Jump to content

Search the Community

Showing results for tags 'milton'.



More search options

  • Search By Tags

    Type tags separated by commas.
  • Search By Author

Content Type


Forums

  • General Discussion & Forum information
    • Forum information
    • Just take a moment & say Hi
    • General Discussion
  • Exploration Forums
    • Military Sites
    • Industrial Locations
    • Hospitals & Asylums
    • Public buildings, Education & Leisure
    • Underground Explores
    • High Places
    • Manors, Mansions & Residential
    • Religious Sites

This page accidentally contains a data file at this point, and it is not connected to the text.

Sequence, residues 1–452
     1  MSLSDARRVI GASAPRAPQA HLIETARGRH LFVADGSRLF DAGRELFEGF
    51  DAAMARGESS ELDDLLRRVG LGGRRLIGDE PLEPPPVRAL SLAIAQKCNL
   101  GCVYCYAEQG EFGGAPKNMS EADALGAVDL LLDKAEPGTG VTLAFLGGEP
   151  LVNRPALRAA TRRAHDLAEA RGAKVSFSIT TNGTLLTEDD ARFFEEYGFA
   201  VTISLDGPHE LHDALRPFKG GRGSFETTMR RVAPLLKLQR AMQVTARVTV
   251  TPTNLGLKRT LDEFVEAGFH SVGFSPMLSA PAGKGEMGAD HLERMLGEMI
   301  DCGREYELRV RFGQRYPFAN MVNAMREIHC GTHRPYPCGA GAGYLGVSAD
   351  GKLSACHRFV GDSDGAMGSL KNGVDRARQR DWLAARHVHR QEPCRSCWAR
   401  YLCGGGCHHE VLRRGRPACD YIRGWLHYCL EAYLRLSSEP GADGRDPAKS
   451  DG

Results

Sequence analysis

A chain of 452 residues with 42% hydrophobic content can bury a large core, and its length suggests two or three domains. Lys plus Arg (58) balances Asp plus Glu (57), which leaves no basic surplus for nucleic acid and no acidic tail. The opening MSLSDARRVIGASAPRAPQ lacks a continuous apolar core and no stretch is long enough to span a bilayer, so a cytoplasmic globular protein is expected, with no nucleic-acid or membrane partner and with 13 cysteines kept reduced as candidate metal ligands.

• Anything Else
  • Other Forums
    • Video Reports
    • Short Reports
    • Themed Threads

Categories

  • About the Forum
  • Urban Exploring information
  • Photography and camera advice
  • Technical Help

Find results in...

Find results that contain...


Date Created

  • Start

    End


Last Updated

  • Start

    End


Filter by number of...

Joined

  • Start

    End


Group


Website URL


Location


Interests

Found 6 results